|Date(s):||April 30, 1890|
|Tag(s):||Arts/Leisure, Crime/Violence, Health/Death, Economy, Migration/Transportation, Urban-Life/Boosterism, Women|
|Course:||“Rise And Fall of the Slave South,” University of Virginia|
|Rating:||5 (4 votes)|
Rather than going to bed early Sunday night after a long day of church and family time, the city of Staunton spent the evening putting out a fire, only to then have a serious train wreck in the early hours of Monday, April 28, 1890. The No. 2 train on the C&O line from Cincinnati had cars derail after losing air power to the brakes. The train picked up even more speed because there is a descent into the Staunton station. Along with the increased speed, the engineer had to maneuver the train along the curves of the rail. The engineer managed to prevent the whole train from jumping track and saved many lives. The derailed sleeper car caused the most damage by destroying the 6-inch iron columns lining the platform. As this was a night train, there were many people sleeping in this car and they suffered the most injuries. The wreck caused the death of a young girl of the Pearl of Pekin Company, a Dramatic Corps. Her body, on which there was the silver cross of the King's Daughters Organization, was taken to a local funeral home and prepared for the journey to Jackson County, Missouri. The other townspeople took the injured to two residences and the Virginia Hotel.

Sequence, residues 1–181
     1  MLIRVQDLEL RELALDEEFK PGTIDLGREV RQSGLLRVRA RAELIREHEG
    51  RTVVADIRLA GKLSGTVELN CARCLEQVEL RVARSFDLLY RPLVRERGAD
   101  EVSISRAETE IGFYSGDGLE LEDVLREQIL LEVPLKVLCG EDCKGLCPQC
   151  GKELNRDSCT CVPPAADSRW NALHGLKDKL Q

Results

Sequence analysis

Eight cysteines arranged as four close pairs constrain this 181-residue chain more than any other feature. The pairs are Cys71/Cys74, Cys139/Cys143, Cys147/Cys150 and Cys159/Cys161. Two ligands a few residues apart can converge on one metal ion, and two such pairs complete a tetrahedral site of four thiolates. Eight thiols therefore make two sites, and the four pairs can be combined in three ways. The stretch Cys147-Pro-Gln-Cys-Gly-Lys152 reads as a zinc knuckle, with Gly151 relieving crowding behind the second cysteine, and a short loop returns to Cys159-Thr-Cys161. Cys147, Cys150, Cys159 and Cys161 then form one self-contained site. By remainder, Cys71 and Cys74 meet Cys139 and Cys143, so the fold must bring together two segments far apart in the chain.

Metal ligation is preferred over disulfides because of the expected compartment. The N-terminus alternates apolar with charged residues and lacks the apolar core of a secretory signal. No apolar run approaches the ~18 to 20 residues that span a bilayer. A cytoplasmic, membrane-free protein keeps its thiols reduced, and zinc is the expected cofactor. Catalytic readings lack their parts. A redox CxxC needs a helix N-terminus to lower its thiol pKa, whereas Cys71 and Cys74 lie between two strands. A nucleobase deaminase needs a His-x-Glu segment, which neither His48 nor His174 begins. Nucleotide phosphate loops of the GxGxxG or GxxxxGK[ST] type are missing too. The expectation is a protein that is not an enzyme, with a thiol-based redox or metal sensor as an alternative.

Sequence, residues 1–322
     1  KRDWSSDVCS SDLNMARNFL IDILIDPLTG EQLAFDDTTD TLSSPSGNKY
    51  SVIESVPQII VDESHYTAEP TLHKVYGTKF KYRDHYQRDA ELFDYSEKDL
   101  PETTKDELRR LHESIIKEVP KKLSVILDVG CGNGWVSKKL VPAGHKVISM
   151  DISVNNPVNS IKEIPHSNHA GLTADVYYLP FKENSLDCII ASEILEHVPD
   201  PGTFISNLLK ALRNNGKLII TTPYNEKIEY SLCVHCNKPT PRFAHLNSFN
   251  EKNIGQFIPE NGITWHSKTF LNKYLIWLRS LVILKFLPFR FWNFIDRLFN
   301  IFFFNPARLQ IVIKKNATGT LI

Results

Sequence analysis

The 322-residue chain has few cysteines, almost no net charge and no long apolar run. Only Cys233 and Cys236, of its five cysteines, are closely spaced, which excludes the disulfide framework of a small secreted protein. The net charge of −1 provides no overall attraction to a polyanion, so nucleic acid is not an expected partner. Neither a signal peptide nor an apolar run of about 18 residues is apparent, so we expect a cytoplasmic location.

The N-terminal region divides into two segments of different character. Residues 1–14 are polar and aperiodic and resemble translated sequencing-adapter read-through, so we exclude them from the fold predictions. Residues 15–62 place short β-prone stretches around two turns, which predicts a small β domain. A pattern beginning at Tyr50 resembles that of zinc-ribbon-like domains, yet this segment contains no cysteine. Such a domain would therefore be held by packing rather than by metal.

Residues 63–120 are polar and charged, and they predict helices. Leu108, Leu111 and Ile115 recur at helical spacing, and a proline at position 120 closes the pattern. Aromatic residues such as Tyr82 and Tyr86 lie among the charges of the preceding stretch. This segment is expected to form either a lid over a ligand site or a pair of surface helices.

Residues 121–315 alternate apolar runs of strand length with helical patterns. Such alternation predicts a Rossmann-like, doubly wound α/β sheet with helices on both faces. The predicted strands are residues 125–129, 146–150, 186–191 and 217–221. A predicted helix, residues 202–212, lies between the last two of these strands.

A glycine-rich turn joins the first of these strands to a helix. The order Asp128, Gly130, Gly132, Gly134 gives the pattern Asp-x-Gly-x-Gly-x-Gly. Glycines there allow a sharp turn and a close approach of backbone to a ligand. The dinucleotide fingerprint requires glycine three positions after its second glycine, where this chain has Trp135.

This article was not the front-page headline of the Staunton Spectator of Augusta County. Instead, it ran as the longest column under the headline A Night Horror on the second page with mostly local events. Oddly, the news writer did not comment about the lack of a hospital. A group of local women, the King's Daughters Organization, did note this absence and started a campaign to build the first hospital in Staunton.
This one train wreck illumines so many new themes of life in the 1890's. There is the strong danger of railroads. From 1890 to 1900, there were over 6,000 accidents involving mail-carrying trains and the Staunton Spectator listed train accidents and wrecks frequently. Alfred D. Chandler has explained how railroads drastically changed life in the United States. Small Staunton connected to greater America and her almost 200,000 miles of operating line in a way that horses and boats never could have. These railroad connections created opportunities for the citizens. The trains delivered mail demonstrably faster and more efficiently, and kept people who moved (increasingly because of trains) connected. There were new economic opportunities for builders, operators, and those who wanted to sell products to other cities. The grain of Staunton had a new market that enabled farmers to produce and sell more than ever. Railroads also represented the possibility of mobility. People could travel and see cities the average person twenty years before never would have and people could simply travel quicker. The girl who died originally had been a telegraph operator, another important development of the nineteenth century. The young girl imagined a greater life for herself and railroads provided the means of pursuit. She left a steady job in the Midwest and moved to New York City to become a star, as so many people continue to do so today. This one newspaper article intimated to its readers that Staunton was not just a dot on the map.